This study assessed the predictors and temporal characteristics of cardiac risk in patients undergoing stress single-photon emission computed tomography (SPECT) after percutaneous coronary intervention (PCI). Stress SPECT was performed in 346 patients 12 to 18 months after PCI. Cardiac death and myocardial infarction were considered events. Cox proportional hazards analysis was used to identify predictors of events and parametric survival analysis to predict time to events. During follow-up (31 ± 10 months), 17 events occurred (4.9% cumulative event rate). Prescan likelihood of ischemia and ischemia at SPECT were independent predictors of events (p 48 months in those with low prescan likelihood of ischemia and >20 months in those with intermediate to high prescan likelihood. Ischemia at SPECT was associated with higher probability of failure accelerating over time. In conclusion, clinical variables and stress SPECT performed 12 to 18 months after PCI are useful to characterize risk of cardiac events and its temporal variation. Parametric survival models seem useful to estimate predicted time to risk and levels of risk at specific intervals after PCI.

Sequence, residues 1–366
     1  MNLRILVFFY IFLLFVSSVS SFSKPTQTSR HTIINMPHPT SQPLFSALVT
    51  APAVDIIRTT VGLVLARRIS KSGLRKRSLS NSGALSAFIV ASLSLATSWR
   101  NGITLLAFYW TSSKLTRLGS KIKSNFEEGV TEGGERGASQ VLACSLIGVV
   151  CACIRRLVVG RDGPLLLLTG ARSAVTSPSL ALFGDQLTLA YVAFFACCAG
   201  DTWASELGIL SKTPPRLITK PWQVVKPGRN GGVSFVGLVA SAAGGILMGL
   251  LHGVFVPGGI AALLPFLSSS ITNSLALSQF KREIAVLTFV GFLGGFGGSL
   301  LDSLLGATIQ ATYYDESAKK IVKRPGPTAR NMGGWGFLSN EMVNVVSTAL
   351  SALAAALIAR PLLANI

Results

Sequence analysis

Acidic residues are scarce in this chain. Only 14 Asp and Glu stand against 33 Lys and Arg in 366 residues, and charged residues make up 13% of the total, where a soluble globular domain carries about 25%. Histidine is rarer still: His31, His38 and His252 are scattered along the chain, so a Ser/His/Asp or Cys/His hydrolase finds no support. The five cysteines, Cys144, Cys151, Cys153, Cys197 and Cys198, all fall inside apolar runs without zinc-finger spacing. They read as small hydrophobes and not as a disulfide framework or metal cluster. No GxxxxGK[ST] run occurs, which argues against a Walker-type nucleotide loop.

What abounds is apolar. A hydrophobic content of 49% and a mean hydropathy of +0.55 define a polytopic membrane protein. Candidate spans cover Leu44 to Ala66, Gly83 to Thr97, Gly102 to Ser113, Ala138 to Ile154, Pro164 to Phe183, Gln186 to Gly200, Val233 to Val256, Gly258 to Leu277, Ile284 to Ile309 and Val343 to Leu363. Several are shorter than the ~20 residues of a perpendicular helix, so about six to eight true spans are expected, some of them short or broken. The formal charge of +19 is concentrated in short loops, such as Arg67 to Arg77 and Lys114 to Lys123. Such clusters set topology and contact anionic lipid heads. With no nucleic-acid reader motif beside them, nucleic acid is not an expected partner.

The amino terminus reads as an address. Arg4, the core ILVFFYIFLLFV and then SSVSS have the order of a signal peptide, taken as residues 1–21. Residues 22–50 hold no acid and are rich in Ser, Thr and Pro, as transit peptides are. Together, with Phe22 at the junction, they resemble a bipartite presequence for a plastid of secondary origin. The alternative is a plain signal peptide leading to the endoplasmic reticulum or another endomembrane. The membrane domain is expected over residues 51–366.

ASJC Scopus subject areas
- Cardiology and Cardiovascular Medicine